At its essence, White Material is an exploded chamber drama. A Haneke-style family unit (complete with a brutally bored son) holed up mentally, emotionally, economically and geographically encounters various interlopers while fighting to preserve a bourgeois sense of "integrity."
Take the anti-psychological scalpelling of time and space of The Intruder and combine it with 35 Shots of Rum' almost classical use of objects, and you getWhite Material, a film that partly reveals itself through the way things pass in and out of characters' hands within the space of a folded chronology. But whereas 35 Shots of Rum limited itself to a handful—two rice cookers, an iPod, a red door—White Material is stuffed with bric-a-brac. There, are, for example, the battery-powered radios, all of which are tuned to the same reggae rebel radio station.
Or Christopher Lambert's gold-plated lighter, which passes from character to character. A distinctively ostentatious symbol of colonial decadence, engraved with his character's initials—as though anyone else in this poor country could afford one.
A subtler indicator of wealth and power, perhaps so subtle that its bearer doesn't recognize its meaning: Isabelle Huppert's red cash bag, stuffed with $100 bills, which she carries by her side for a 20-minute chunk of the film. Out of it, she pays off bandits, buys medicine and hires a crew of workers to replace the ones who've fled the coffee plantation she manages.
While the motorcycle ridden by Huppert is a big, clattering, chugging thing, Lambert gets around on a colorful Kawasaki dirt bike. As with the lighter, whose presence in the hands of various characters slyly indicates where in the film's jumbled timeline a scene is set, the Kawasaki's presence alerts Huppert to the intrigues of her ex-husband Lambert, who is trying to trade the plantation she is scrambling to preserve for the promise of safety from the rebels.
Huppert's dress is, as Daniel Kasman observed, a character in and of itself, but I would go further and say that her shoes, which she's always changing (seen above: strappy red sandals), are character-symbiotes on par with Jean-Pierre Melville's hats (Le samouraï: the first film to put a fedora in a starring role).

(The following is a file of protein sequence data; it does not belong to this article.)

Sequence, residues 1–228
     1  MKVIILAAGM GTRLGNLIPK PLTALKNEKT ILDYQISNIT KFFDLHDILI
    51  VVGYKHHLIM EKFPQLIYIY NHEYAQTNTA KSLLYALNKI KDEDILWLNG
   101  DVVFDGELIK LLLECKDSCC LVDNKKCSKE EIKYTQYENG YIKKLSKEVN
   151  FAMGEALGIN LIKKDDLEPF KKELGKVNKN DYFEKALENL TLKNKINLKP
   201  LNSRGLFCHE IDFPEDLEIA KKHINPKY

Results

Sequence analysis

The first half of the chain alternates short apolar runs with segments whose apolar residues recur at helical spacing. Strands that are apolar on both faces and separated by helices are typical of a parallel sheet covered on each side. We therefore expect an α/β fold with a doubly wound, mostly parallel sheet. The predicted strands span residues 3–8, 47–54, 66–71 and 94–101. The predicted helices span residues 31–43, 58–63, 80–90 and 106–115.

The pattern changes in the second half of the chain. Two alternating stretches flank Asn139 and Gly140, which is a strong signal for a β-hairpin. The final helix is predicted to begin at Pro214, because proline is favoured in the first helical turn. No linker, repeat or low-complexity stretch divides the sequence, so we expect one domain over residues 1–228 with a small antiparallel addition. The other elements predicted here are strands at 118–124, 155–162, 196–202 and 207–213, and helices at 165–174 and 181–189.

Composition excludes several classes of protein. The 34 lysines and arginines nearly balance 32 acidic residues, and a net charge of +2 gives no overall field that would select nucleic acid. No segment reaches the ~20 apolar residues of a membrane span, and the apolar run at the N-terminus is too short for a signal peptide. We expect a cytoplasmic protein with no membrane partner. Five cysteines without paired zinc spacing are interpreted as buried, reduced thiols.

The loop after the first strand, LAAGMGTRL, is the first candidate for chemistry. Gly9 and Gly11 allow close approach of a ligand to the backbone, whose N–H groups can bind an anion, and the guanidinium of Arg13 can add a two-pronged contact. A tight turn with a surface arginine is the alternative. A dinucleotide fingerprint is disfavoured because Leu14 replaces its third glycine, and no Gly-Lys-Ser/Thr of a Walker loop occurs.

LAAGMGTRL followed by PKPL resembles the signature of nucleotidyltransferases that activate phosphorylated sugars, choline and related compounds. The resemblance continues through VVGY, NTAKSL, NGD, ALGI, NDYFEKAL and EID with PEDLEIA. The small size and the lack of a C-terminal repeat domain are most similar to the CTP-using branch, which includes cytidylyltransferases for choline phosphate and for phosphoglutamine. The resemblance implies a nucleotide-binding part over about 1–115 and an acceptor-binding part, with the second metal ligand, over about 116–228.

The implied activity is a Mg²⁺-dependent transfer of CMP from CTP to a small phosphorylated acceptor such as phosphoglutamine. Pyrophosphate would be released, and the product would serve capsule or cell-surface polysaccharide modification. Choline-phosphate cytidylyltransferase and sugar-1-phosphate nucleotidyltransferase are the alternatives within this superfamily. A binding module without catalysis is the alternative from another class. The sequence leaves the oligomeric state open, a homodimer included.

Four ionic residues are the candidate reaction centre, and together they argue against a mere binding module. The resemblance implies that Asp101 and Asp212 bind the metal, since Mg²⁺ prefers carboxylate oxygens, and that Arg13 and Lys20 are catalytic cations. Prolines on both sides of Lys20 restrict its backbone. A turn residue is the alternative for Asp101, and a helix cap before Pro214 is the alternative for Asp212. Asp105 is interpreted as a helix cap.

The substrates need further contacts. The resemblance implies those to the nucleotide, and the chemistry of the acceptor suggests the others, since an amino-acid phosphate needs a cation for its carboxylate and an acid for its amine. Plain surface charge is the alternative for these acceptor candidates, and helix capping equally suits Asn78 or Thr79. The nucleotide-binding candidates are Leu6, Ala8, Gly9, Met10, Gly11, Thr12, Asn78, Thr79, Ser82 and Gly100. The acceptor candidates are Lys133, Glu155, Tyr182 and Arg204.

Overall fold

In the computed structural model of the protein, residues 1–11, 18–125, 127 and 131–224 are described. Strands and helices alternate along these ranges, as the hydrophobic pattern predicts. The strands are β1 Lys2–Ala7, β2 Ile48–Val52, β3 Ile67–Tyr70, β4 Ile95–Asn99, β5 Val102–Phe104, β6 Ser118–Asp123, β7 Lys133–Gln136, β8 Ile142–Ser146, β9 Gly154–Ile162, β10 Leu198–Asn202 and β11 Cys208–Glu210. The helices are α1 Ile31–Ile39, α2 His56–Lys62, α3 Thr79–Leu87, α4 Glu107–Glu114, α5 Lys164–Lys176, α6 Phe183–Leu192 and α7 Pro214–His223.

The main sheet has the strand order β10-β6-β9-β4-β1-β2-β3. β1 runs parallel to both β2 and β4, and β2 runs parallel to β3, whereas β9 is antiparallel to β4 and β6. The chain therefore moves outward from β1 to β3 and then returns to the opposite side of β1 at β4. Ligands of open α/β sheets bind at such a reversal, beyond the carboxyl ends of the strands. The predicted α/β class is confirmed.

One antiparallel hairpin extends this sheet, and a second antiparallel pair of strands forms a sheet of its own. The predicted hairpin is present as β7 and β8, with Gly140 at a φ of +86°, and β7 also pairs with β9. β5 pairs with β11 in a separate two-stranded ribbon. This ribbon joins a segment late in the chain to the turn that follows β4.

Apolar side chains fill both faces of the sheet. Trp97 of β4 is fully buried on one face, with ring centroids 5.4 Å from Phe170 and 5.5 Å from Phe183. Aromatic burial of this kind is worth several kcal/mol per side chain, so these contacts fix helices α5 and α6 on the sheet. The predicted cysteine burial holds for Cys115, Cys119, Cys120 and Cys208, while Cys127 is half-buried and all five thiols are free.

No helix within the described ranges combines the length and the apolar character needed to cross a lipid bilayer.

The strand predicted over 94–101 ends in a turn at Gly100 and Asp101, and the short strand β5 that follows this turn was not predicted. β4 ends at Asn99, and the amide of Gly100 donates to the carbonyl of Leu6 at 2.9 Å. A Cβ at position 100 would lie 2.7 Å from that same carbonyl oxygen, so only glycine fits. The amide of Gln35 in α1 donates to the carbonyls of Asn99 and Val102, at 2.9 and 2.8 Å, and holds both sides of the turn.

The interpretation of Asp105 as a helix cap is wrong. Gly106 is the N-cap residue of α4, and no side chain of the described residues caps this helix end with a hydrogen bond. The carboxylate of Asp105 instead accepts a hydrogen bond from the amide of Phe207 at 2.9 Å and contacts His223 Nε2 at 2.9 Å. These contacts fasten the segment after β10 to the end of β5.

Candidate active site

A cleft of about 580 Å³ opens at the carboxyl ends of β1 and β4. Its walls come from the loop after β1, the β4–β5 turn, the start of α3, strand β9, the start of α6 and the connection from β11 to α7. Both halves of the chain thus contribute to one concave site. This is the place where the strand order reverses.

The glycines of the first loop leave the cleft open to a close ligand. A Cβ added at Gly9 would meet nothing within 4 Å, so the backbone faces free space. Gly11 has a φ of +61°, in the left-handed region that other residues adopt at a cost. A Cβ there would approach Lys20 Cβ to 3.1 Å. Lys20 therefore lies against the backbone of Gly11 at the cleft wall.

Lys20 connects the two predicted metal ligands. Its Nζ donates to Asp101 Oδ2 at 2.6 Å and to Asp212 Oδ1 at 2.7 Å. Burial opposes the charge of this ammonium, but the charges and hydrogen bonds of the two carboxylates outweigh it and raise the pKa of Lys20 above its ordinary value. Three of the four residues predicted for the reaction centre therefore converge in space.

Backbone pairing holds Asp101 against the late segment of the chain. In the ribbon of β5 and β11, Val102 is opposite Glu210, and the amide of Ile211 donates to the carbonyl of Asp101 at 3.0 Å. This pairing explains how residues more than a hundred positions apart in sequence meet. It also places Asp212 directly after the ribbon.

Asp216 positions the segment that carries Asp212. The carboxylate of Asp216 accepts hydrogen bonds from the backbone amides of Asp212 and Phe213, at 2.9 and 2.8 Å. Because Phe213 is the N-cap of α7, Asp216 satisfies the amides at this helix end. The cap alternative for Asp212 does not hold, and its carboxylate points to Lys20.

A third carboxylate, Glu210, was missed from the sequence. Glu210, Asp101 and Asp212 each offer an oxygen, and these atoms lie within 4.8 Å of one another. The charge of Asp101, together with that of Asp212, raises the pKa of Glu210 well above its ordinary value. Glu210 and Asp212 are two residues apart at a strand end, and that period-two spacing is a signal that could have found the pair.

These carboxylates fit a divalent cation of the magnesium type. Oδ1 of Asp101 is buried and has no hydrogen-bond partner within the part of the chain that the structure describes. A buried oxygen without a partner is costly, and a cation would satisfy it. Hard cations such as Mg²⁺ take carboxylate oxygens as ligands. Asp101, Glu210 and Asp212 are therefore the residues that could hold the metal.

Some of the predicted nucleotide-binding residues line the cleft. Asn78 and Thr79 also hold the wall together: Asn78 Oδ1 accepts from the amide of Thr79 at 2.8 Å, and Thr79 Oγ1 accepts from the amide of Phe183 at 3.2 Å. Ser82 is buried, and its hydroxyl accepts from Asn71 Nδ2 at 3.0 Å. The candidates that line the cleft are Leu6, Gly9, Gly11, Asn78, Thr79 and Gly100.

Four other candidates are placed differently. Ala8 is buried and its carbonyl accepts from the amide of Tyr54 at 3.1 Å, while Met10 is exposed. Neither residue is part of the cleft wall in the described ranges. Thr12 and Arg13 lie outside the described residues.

Nicolas Duvauchelle, playing Huppert and Lambert's son, is defined by an object he wants to rid himself of: his blond hair. Mocked by the child soldiers who rob him halfway through the film, it symbolizes (for him, for them, for everyone) his inability to be treated as a native of this (unnamed) country where he was born. After going mad, he stuffs his shorn locks into another character's mouth and runs off to join the rebels.
The movie has almost as many machetes as it has radios, and though the threat of a machete-chop remains constant, it isn't until the very end that we actually see one used.
And there is, of course, the coffee, seen in every form, from raw to roasted to packed. At the beginning of the film, Maurice the foreman tells Huppert that coffee just isn't worth dying for and then speeds off on his motorcycle, leaving a trail of dust. This is blindingly obvious. But the tragedy, in a way, of White Material is that Huppert doesn't realize that it's just fucking coffee she's fighting for; she has convinced herself that hers is a moral struggle.
Like Devauchelle's character, the patriarch played by Michel Subor was born in the country where White Material is set; it's unknown if the same is true of Lambert, but Huppert mentions "going back to France," suggesting that, unlike them, she's not a local. However, like Devauchelle, Subor remains an outsider to the people of the surrounding communities, a foreign ("French") authority regardless of his birthplace. When Devauchelle, in his madness, decides to destroy that power, he does so by stealing and donning Subor's patrician purple robe.